Believe it or not, a new school year is upon us. The return to school has always caused a wide
In ways, fear and anxiety are like wanting to know the 10-day forecast so that you can make plans well in advance and know what to expect. The thing about 10-day forecasts, though, is that they are rarely right. The voice of fear tells us that if we can plan out and answer all of the questions rolling around in our minds we will feel like we are in control and the stress will go away. But control is elusive – especially in light of a pandemic.
The mental health impacts of COVID-19 remain to be seen, and I anticipate there will be some significant fallout. This list is not meant to be an exhaustive approach to boosting your mental health as there are a lot of ways to improve your mental well-being, but as I think about spending more time at home than I might be used to, these were strategies that came to mind that I will be intentional to practice over the next several weeks. We are in this pandemic together. Let’s be intentional about encouraging one another to take care of ourselves physically AND emotionally.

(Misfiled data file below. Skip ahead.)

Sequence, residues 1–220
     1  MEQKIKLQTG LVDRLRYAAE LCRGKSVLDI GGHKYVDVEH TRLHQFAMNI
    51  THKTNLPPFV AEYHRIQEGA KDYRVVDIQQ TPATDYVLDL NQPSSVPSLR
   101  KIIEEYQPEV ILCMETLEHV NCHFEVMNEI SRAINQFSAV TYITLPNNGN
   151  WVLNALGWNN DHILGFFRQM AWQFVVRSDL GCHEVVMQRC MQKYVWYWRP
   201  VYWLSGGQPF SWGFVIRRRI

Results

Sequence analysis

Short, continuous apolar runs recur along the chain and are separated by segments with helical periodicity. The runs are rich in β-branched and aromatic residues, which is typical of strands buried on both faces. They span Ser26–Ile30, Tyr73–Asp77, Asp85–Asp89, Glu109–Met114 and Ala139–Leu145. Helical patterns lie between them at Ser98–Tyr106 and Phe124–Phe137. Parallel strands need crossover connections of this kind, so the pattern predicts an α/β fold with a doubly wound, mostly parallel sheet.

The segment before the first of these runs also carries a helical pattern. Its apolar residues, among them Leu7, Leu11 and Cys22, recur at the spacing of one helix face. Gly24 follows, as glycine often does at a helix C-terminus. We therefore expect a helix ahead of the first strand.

Coronavirus. COVID-19. Pandemic. Shelter-in-place. These have been the hot topic words over the past week and a half and understandably so.
There has been a lot of talk about how to keep families and kids physically safe and healthy during this COVID-19 pandemic, but from my perspective, health also includes emotional well-being. So what are parents to do?
How you speak about your spouse matters. Your words have the power to tear down or build up, to give life or destroy it. Your words matter. So if you are looking for one way to begin improving the health of your marriage, take an honest assessment of how you speak of your spouse (especially in public).
God graciously included instructions for His people to look at the birds of the air (and the lilies of the field if you continue reading in Matthew 6) as a tangible reminder of his provision and care. I don’t have to scan the sky for long before I notice a bird flying overhead. How often have I read the words “Do not worry” and mindlessly filled in the rest of the sentence—“look at the birds of the air” without actually stopping to consider the birds of the air or what this verse is trying to teach? What if each time I saw a bird, I reminded myself of God’s care for me.